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• This set of slides should be a review of sampling
distributions from your first class in statistics...
• When sampling from a population, we’ll assume the
sample of size n is i.i.d. Often we regard the population
as infinite though finite populations require some
additional attention.
• We consider the i.i.d. sample of size n as X1 , X 2 , ... X n
1
and we know that the sample mean is given as X   X i
n
Then, X

has mean= m and standard deviation = n
If the population is finite of size N, then modify the s.d. of
the mean with the so-called finite population correction
N n
N 1
• The Central Limit Theorem (Theorem 6.2) says that if the
sample size is large enough, then the distribution of the
sample mean approaches the normal distribution with
mean and standard deviation given on the previous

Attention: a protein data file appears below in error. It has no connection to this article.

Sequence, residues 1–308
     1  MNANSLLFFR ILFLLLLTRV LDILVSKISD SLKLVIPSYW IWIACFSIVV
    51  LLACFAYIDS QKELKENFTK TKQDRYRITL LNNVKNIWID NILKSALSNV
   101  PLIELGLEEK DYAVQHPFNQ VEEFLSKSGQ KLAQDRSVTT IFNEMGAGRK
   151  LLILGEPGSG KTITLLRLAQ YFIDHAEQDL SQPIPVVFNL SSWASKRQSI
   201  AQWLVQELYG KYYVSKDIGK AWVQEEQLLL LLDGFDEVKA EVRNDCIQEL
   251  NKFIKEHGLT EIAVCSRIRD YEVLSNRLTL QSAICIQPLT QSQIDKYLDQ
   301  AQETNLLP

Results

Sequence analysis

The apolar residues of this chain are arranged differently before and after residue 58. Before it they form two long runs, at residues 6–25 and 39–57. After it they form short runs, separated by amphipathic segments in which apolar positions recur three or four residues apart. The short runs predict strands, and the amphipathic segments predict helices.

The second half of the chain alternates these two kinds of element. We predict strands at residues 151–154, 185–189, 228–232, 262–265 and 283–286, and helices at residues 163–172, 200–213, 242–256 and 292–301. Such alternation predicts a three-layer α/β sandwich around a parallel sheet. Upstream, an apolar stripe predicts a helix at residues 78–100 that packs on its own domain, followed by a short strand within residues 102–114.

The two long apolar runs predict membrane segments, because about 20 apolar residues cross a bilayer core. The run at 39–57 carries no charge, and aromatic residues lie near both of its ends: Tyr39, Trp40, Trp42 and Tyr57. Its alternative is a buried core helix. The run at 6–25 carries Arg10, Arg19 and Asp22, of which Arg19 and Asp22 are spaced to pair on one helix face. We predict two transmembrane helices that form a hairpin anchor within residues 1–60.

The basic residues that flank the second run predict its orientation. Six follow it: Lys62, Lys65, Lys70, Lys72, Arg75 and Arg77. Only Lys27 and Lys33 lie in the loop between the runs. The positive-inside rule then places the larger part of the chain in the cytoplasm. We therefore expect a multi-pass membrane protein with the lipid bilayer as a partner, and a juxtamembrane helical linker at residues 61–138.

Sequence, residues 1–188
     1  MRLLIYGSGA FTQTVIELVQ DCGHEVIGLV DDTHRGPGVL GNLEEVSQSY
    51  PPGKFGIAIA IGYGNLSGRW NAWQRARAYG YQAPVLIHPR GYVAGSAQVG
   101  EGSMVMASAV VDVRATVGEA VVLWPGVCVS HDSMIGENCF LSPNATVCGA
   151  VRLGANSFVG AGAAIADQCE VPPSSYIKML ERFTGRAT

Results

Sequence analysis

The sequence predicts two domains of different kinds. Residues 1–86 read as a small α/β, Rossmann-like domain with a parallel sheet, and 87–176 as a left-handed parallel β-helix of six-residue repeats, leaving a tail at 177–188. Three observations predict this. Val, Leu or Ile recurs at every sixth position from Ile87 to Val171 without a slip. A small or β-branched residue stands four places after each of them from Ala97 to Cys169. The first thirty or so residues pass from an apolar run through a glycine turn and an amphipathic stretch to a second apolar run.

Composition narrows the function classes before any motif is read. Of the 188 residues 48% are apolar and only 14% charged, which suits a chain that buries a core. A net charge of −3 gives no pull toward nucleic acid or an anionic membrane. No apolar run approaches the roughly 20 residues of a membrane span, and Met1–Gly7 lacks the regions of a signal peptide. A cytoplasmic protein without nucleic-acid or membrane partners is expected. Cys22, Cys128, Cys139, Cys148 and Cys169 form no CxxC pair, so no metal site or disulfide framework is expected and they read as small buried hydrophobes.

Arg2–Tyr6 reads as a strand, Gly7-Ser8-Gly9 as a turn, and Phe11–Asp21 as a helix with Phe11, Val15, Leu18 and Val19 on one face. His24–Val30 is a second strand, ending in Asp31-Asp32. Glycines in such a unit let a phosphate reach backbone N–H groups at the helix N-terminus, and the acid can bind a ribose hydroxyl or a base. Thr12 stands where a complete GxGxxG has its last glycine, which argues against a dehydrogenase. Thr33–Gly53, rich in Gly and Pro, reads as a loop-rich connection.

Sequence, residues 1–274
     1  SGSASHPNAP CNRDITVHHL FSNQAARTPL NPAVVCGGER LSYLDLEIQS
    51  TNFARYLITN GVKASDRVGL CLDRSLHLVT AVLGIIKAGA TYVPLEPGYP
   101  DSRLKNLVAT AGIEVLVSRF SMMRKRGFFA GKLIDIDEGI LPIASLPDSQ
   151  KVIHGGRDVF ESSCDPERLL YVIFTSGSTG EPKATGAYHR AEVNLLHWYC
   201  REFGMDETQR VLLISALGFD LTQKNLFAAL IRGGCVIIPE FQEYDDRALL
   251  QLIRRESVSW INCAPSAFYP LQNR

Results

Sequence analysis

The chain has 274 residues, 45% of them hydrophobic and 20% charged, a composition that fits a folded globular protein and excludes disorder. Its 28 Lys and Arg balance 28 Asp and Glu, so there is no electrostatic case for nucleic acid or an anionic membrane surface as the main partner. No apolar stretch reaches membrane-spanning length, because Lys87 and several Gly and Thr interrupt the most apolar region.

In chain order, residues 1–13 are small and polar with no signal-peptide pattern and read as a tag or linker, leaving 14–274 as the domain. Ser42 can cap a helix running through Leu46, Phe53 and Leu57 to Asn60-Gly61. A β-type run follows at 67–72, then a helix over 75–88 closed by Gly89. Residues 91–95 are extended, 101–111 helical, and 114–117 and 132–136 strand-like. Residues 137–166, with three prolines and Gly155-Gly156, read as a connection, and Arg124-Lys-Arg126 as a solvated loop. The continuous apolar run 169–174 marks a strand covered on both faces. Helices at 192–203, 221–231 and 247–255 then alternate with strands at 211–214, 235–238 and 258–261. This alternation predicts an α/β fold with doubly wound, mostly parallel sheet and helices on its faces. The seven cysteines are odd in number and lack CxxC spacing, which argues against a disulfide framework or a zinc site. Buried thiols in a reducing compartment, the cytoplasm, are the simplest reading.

page.
• If the population is actually normal itself, then the sample
mean has exactly a normal distribution
• Let’s write some R code to illustrate this theorem...
– look at the example given at the beginning of section 6.2.
– take 50 random samples of size n=10 from a population having
the discrete uniform distribution .
– then analyze these 50 samples- what should their shape look
like (do a histogram and a normal quantile plot)? what should
their center look like (look at the mean)? what about spread
(look at the standard deviation)?
#first fill a vector z with 50 zeros
z<-rep(0,50)
#now use the sample function to select with
#replacement a sample of size 10 from {0,1,2,...,9}
sample(c(0:9),10, replace=T) #for example
#now take the mean of these 10 numbers
mean(sample(c(0:9),10, replace=T))
#now do this 50 times, saving the means in z
for (i in 1:50) {
z[i]=mean(sample(c(0:9),10,replace=T))}
z #to show the 50 means you got...
#try hist and qqnorm on z to check for normality
#and mean and sd to compare with the values the CLT
#says you should getting...
• HW: For Monday after the break... Read sections 6.1,
6.2 and begin 6.3. Do exercises # 6.1-6.3, 6.9-6.13,
6.17